8 Merino Wool Alternatives (Here’s How They Compare)

Merino wool is one of the strongest, finest and softest materials for things like pants and sweaters. It’s versatile and offers a ton of advantages like being odor resistant, wicking against moisture and it’s resistant to static electricity. Plus, it’s effective throughout the seasons of the year, keeping cool or warm as necessary.

But, merino wool comes from an animal, some people are allergic to it and it can be incredibly expensive. There are plenty of reasons why someone might be looking for different options, and that’s one case where it might be necessary to find an alternative.

While nothing else quite meets merino wool, there are some different but comparable replacements. These Merino Wool alternatives include tencel, modal, ramie, bamboo, hemp, cotton, moleskin, and seersucker.

Merino Wool Alternatives

Best Merino Wool Alternatives

1. Tencel

Also known as Lyocell, Tencel is a type of compressed rayon. It comprises cellulose made from a dissolving plant and wood pulp with a reconstitution through dry jet-wet spinning. Its production doesn’t involve animals and is much less toxic to workers and the environment than producing rayon, which uses a viscose process.

Tencel blends well with other fabrics and provides great moisture-wicking, giving twice as much moisture control over cotton. It’s lightweight and gives a silky, shiny appearance to clothing.

2. Modal

Modal is another rayon type that comes from the pulp of beech trees. It’s a very breathable material, lightweight, elastic, and environmentally friendly. It is semi-synthetic but very durable, flexible, and soft. However, it does tend to be more expensive when compared to merino wool since it classifies as a “luxury” material.

3. Ramie

Ramie is a flowering plant from Asia that produces a strong, fibrous textile for use in a variety of clothing items. Also known as China Grass, it’s been a worldwide favorite in fabric production for over 6,000 years. It’s fairly strong and lasts for decades without wearing down.

In fact, it gets stronger when wet, which means it can hold its shape for long periods without issue. It doesn’t wrinkle easily and provides a silky luster to garments. However, it has to blend with other fabrics, like cotton, to fortify the strength of the fibers.

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4. Bamboo

One of the most beneficial and strongest fibers on the market today is bamboo. It not only has stellar moisture-wicking qualities but it’s also very tough and resistant to rough wear-and-tear. It’s comfortable and soft, yet breathable and adaptable to temperature.

It doesn’t have an itchy or uncomfortable sensation either. Bamboo can keep you warm in winter and cool in summer too. It’s resistant to odors and doesn’t lock bacteria within the fibers of the fabric. Bamboo even holds up well in the washing machine.

5. Hemp

The strongest material available in the world is hemp. While it’s not the softest material available, it is very moisture absorbent and breathable. Even though there are many new developments to make hemp more wearable, it will hold up in even the most extreme weather conditions.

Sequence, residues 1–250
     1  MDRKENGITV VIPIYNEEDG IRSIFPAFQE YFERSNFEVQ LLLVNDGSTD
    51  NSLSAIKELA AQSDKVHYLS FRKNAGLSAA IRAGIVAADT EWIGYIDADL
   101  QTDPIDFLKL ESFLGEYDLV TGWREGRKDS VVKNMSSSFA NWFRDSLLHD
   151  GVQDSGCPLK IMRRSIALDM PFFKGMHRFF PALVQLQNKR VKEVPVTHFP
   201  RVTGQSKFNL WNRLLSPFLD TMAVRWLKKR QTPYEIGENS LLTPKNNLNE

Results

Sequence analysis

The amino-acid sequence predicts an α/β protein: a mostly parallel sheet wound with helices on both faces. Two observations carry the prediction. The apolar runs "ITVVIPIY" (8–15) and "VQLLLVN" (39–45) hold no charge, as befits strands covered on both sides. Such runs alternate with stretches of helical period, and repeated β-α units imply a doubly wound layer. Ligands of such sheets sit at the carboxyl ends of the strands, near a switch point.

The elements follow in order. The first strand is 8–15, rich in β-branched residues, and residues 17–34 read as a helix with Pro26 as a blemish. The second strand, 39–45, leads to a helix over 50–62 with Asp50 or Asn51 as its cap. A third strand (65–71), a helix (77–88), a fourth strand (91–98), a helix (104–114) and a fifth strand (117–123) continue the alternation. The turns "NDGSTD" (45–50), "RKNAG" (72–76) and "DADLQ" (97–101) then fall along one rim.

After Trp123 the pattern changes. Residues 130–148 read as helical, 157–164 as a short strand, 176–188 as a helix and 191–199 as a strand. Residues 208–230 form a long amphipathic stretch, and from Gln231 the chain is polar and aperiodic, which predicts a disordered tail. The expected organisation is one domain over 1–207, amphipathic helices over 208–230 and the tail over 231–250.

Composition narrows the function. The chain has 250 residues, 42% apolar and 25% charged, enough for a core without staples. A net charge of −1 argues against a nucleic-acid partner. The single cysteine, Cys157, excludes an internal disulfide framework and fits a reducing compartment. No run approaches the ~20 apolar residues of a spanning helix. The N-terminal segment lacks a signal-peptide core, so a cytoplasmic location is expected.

A 100% natural and eco-conscious material, hemp is also sustainable and renewable. You can use hemp for a host of textile purposes, not just clothing. Ropes, bags, bed linens, rugs, and towels are all ideal applications for this material.

6. Cotton

Cotton Compared to Merino Wool

Cotton is a long-time favorite among professional sewers and textile experts for centuries. It’s amazingly strong, durable, and can handle rough usage from any activity. It’s hypoallergenic, so cotton is ideal for those with skin sensitivities.

Plus, cotton is fantastic at absorbing moisture and keeping the body cool or warm, as required. Cotton’s gentle nature won’t dry out the skin or induce any reactions. It’s soft, comfortable, and light with the capacity for flexibility.

7. Moleskin

Contrary to popular belief, moleskin fabric does not come from moles. It’s a carded cotton compressed into a very dense and weft-faced satin weave. It has a suede-like finish that comes napped or sheared. This makes it stronger than regular cotton garments with the ability to insulate and be resistant to wind.

But, it’s not good for summertime use as it isn’t nearly as breathable as merino wool or other materials mentioned above. Having said all that, it really is the closest thing to mimicking the effects of what merino wool can do in the wintertime.

8. Seersucker

Another tight, thick cotton weave is seersucker. This is best for summertime temperatures and warmer climates. Many different articles of clothing comprise it such as robes, shorts, and shirts. It’s very breathable, lightweight, and offers an elegant appearance that many people enjoy.

The weaving of seersucker gives it a wrinkled look, but this feature helps hold it away from the skin. This helps with air circulation and to dissipate any heat accumulation.

Conclusion

Merino wool is a fine fabric excellent for many items of clothing. But, for vegans, those with allergies, or the eco-conscious, then try the suggestions mentioned above to see if any of the alternative options better suit your purposes.